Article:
2) Ban (बन्):—(da, u, ṅa) banute 8. a. To ask or beg.
Sanskrit, also spelled संस्कृतम् (saṃskṛtam), is an ancient language of India commonly seen as the grandmother of the Indo-European language family (even English!). Closely allied with Prakrit and Pali, Sanskrit is more exhaustive in both grammar and terms and has the most extensive collection of literature in the world, greatly surpassing its sister-languages Greek and Latin.
Ban in Hindi refers in English to:—(nm) a forest, wood; a bun; ~[khamda] woodland, part of a forest; ~[khamdi] a dweller of the woods; ~[cara] a forester; a wild beast; ~[cari] treading the woods; ~[devata] a forest-god; ~[devi] a forest goddess; ~[vasa] dwelling in the woods; ~[vasi] a dweller of the woods; ~[manasa] a woodman, forestman; ~[raja] a lion..—ban (बन) is alternatively transliterated as Bana.
Bān (ಬಾನ್):—[verb] to make earthenware pots, dishes, etc.
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Bān (ಬಾನ್):—[noun] = ಬಾನು [banu]1.
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Bān (ಬಾನ್):—[noun] = ಬಾನು [banu]3.
Kannada is a Dravidian language (as opposed to the Indo-European language family) mainly spoken in the southwestern region of India.
See also (Relevant definitions)
Starts with (+1608): Bamcana, Bamcane, Bamcara, Bamcisu, Bamcot, Bamdabalu, Bamdadu, Bamdale, Bamdaleya, Bamdali, Bamdalike, Bamdalisu, Bamdallu, Bamdalu, Bamdamatu, Bamdambidu, Bamdamini, Bamdanige, Bamdanike, Bamdanikki.
Ends with (+137): Aban, Agban, Ai tuban, Alamban, Alibanban, Alibangban, Amban, Amratban, Anban, Anwona roban, Anwonaroban, Apagban, Arq gaozaban, Arq-i- gaozaban, Arq-i-gapzaban, Ayoban, Balibamban, Banban, Bans kaban, Bans kabban.
Full-text (+310): Bans, Ban-nimbu, Ban-karela, Dhungre bans, Bans kaban, Bans kabban, Kshutavat, Upagatavata, Bhalu bans, Bans-keora, Bans korodi, Bans khurd, Lathi bans, Sankhyabat, Bethus bans, Kaghsi bans, Bans bainj, Philim bans, Nakur bans, Ban nama.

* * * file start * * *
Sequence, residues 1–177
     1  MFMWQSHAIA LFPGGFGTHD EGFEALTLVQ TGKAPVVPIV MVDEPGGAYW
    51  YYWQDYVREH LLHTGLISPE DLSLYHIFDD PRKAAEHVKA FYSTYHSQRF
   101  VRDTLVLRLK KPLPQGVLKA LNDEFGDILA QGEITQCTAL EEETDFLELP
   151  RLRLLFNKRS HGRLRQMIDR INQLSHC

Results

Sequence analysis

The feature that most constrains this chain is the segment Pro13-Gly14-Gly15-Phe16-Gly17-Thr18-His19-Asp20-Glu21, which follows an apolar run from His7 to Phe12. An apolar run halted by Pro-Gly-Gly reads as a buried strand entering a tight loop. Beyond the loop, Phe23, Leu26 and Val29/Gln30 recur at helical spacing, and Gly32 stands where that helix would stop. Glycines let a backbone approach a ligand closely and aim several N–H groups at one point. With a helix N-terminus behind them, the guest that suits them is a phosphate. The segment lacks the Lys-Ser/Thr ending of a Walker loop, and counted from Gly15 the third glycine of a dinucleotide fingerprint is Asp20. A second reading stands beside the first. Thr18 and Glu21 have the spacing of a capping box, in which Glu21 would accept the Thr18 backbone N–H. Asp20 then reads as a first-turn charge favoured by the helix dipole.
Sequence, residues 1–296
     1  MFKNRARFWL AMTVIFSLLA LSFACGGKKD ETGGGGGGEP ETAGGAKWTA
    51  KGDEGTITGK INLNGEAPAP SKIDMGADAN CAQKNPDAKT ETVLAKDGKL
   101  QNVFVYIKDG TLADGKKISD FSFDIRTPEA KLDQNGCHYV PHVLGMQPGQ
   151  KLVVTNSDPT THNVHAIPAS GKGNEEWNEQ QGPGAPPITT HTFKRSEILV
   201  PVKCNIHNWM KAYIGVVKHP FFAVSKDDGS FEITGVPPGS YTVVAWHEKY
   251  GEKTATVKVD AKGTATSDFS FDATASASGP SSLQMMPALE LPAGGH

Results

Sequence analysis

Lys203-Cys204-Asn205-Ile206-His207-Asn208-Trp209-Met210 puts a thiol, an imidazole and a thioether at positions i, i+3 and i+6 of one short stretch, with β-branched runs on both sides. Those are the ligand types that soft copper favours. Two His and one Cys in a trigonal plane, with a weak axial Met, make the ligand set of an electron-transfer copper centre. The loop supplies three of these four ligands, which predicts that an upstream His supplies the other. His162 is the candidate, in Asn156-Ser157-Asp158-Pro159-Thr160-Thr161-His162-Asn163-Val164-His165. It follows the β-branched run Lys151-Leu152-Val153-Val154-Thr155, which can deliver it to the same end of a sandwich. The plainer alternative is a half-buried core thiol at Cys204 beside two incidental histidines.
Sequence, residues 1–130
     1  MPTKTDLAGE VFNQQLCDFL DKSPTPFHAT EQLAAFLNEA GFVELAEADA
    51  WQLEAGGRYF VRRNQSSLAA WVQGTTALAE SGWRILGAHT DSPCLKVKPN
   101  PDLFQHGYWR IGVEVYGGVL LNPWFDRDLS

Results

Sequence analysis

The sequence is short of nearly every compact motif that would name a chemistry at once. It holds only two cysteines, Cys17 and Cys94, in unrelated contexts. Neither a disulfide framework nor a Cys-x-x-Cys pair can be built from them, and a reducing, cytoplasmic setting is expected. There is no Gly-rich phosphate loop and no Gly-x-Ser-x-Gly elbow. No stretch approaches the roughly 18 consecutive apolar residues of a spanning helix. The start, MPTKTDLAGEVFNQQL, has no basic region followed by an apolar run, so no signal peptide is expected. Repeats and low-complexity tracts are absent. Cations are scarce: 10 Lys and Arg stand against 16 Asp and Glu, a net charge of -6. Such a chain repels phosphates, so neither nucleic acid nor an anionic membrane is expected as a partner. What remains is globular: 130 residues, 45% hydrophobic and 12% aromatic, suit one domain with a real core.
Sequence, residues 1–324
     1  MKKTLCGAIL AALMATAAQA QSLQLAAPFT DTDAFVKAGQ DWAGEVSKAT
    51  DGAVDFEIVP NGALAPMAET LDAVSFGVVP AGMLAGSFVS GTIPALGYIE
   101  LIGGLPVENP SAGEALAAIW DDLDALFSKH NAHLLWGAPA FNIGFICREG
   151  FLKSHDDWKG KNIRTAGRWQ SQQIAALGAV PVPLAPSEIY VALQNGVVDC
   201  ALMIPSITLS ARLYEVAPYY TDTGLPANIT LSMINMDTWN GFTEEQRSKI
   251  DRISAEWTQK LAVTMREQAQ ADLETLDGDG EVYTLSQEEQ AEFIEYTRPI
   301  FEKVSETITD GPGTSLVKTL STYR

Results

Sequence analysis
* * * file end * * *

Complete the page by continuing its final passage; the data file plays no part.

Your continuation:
Search found 50 books and stories containing Ban, Baṇ, Bān; (plurals include: Bans, Baṇs, Bāns). You can also click to the full overview containing English textual excerpts. Below are direct links for the most relevant articles:
Rig Veda (translation and commentary) (by H. H. Wilson)
Rig Veda 8.101.11 < [Sukta 101]
The Tattvasangraha [with commentary] (by Ganganatha Jha)
Verse 72 < [Chapter 2 - Examination of the Doctrine of God (theism)]
An Appeal < [July – Sept. & Oct. – Dec. 1992]
International Affairs: A Survey < [July 1963]
International Affairs: A Survey < [October 1963]
Blue Annals (deb-ther sngon-po) (by George N. Roerich)
Chapter 3c - Lineages belonging to rong zom < [Book 3 - Early translations of Secret Mantra]
Chapter 11 - Drigung Chojay lineage (iii): disciples of ‘bri khung pa < [Book 8 - The famous Dakpo Kagyü (traditions)]
Chapter 11 - Drigung Chojay lineage (i): ‘bri khung pa’s precious descendents < [Book 8 - The famous Dakpo Kagyü (traditions)]
Tibet (Myth, Religion and History) (by Tsewang Gyalpo Arya)
6. Nyatri Tsanpo as descendant of Theurang [Tib: The'u rang] < [Chapter 3 - Nyatri Tsanpo; The First King of Tibet]
Elephantology and its Ancient Sanskrit Sources (by Geetha N.)